Given the large costs that may be associated with financial stress in terms of productivity loss and higher health care spending, employers have a potentially large incentive to explore cost-effective ways to enhance employee financial wellness. Indeed, employees would also clearly benefit from any programs that reduced stress that may be linked to poor health.[18]

Currently, most workplaces do not offer financial wellness programs as an employee benefit, although a survey of 400 companies revealed that many businesses plan to focus on financial wellness in the future.[19]

Efficacy[edit]

Recently a report by Bank of America Merrill Lynch 2018 survey found that although 48% of the employees they surveyed were offered workplace financial welfare plans only 31% participate in them because the services offered were not of interest to them.[20]

A 2018 PricewaterhouseCoopers survey found that employees certainly wanted help with their financial decisions but for the majority, in practice, this means access to unbiased counselors providing help to understand and how to use the benefit they were being offered.[21] The International Foundation of Employee Benefit Plans (2018) survey of employers found that one-to-one meetings were considered the most effective approach with the highest levels of participation.[22]

References[edit]

  1. ^ a b Geraldine Hannon, Meredith Covington, Mat Despard, Ellen Frank-Miller, Michal Grinstein-Weiss (2017). "Employee Financial Wellness Programs: A Review of the Literature and Directions for Future Research" (PDF). George Warren Brown School of Social Work. Retrieved 24 September 2018. Financial wellness refers to the “overall financial health of an individual” and is sometimes used interchangeably with “financial well-being” (Boston College Center for Work and Family, 2011, p. 7). Employee financial wellness programs are workplace-based programs that both “assess and support” the financial wellness of employees (Consumer Financial Protection Bureau, 2014, p. 9).CS1 maint: Multiple names: authors list (link)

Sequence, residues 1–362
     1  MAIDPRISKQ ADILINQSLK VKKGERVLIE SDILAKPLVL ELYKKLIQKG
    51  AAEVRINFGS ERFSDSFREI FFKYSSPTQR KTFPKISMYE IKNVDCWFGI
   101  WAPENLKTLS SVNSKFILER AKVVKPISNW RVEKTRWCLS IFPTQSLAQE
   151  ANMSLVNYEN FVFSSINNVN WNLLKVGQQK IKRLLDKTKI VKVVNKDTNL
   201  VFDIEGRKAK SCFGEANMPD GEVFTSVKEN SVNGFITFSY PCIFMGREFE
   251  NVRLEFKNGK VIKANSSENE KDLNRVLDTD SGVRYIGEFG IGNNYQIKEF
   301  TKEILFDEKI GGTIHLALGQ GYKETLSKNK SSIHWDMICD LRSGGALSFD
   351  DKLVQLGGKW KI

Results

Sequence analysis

2. ^ a b Boyle, Matthew (19 July 2018). "Walmart's Fintech Partner Helps Break Paycheck-to Paycheck Cycle". Bloomberg L.P. Retrieved 24 September 2018. More than three out of four Americans say they live paycheck to paycheck. ... The inability to weather an unexpected car repair bill or medical expense can a send low-income worker in a debt spiral.